Because destroying Jews is the strategy of assault on the Judeo-Christian legacy, with its framework of human dignity, sanctity, moral prohibitions and rule of law, adopted by individuals and groups hoping to supplant it, like the Mumbai jihadists.

That is why anti-Semitism appears in countries without Jews, attributes supernatural powers to them, has been prominent across time and space in diverse ideologies and preoccupied groups with real objectives and grievances unconnected to Jews.

If such are the ends, why pick on Jews rather than on Christians? Because the rootedness of Christian institutions mean that Christianity is better subverted than eradicated. Such was the Nazi policy: it took the indirect attack of seeking to Aryanize Jesus and his teachings. In 1939, Hitler even commissioned a rewriting of the Bible, replacing the ten commandments with a Nazi twelve that substituted injunctions like honoring the Fuhrer and keeping the blood pure in place of prohibitions on murder and theft.

In short, anti-Semitism is the indispensible strategy of utopian and totalitarian ideologies. The attack on Jews is made possible by investing them with stupendous and demonically destructive powers that are not the stuff of ordinary racism or bigotry. That should have served as the clue to anti-Semitism's special character. Why doesn't it?

Because even Christian religious thinkers who oppose anti-Semitism within their churches generally fail to confront the camouflaged war on the Judeo-Christian legacy it represents, which points to the chasm in the hearts of their co-religionists. Even the 1962 Vatican II rejection of theological hostility to Jews encountered great opposition and produced defections of maverick Catholics.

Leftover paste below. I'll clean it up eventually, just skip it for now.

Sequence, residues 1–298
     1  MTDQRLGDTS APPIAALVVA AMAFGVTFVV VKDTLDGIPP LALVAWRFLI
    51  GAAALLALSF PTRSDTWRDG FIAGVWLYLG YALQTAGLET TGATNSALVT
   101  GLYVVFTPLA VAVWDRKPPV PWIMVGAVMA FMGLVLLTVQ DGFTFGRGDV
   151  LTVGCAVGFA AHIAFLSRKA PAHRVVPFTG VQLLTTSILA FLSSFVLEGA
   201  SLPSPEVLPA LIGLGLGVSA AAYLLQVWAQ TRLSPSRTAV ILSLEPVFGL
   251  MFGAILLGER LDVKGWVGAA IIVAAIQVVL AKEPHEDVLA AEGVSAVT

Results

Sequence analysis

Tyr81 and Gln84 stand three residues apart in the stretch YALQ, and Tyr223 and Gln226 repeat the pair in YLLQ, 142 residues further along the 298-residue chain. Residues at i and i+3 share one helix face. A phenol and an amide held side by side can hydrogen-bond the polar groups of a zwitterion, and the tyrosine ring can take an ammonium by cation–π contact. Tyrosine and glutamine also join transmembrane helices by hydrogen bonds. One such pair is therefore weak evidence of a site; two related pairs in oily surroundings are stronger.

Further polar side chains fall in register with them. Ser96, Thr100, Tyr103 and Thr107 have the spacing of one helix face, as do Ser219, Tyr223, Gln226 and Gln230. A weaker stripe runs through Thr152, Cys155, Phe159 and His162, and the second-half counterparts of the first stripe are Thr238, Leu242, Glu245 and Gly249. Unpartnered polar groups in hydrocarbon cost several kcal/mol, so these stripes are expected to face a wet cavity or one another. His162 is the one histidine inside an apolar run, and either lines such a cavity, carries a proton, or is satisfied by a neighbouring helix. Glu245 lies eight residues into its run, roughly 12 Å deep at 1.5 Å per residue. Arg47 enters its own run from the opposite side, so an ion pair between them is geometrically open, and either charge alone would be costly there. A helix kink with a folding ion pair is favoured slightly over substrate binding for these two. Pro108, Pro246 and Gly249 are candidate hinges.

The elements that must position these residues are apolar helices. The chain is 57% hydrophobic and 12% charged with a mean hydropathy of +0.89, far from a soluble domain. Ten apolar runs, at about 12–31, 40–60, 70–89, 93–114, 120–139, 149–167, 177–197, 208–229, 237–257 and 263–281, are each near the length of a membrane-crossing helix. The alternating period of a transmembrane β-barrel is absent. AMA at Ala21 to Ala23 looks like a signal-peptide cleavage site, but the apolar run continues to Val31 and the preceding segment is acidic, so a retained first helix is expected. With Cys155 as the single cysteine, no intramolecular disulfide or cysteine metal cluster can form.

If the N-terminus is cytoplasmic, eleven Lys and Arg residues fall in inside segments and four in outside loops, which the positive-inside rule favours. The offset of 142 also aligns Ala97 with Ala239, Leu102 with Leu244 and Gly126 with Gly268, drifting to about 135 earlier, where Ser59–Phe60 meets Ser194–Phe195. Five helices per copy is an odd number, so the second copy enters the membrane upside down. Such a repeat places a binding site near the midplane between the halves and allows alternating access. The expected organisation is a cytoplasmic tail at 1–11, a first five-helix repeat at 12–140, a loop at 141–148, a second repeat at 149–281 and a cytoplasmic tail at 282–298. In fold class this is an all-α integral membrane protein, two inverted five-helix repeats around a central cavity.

Many church figures have condemned anti-Semitism as a violation of Christian morality. But how many have stated, let alone understood, that anti-Semitism is the campaign waged by those seeking to overturn or subvert Christianity?

Non-religious thinkers, from Marxists to capitalists, preoccupied with differing theories of wealth creation and distribution, are antagonistic to inquiring into the religious roots of Western civilization, much less defending them. Far more congenial to them has been to dispense with the question by seizing on economic factors – a manipulated response to fiscal downturns, a device to distract the toiling masses from their true oppressors, popular resentment of the special economic function of minorities, and so on.

In Mumbai, the BBC at first did not identify the Chabad House as anything more distinctive than an "office building." The New York Times queried of Chabad House, alone of the Mumbai targets, if it might have been an "accidental hostage scene." One way to avoid understanding anti-Semitism is to obfuscate its occurrence.

The refusal to understand anti-Semitism is a form of collusion, witting or otherwise. Until that refusal is replaced by recognition of its significance and purpose, no amount of commemorations, solemn documents or anti-racism campaigns will serve to alleviate it, anywhere.


Daniel Mandel is a fellow in history at Melbourne University, director of the Zionist Organization of America’s Center for Middle East Policy, and author of H.V. Evatt and the Establishment of Israel: The Undercover Zionist (Routledge, 2004).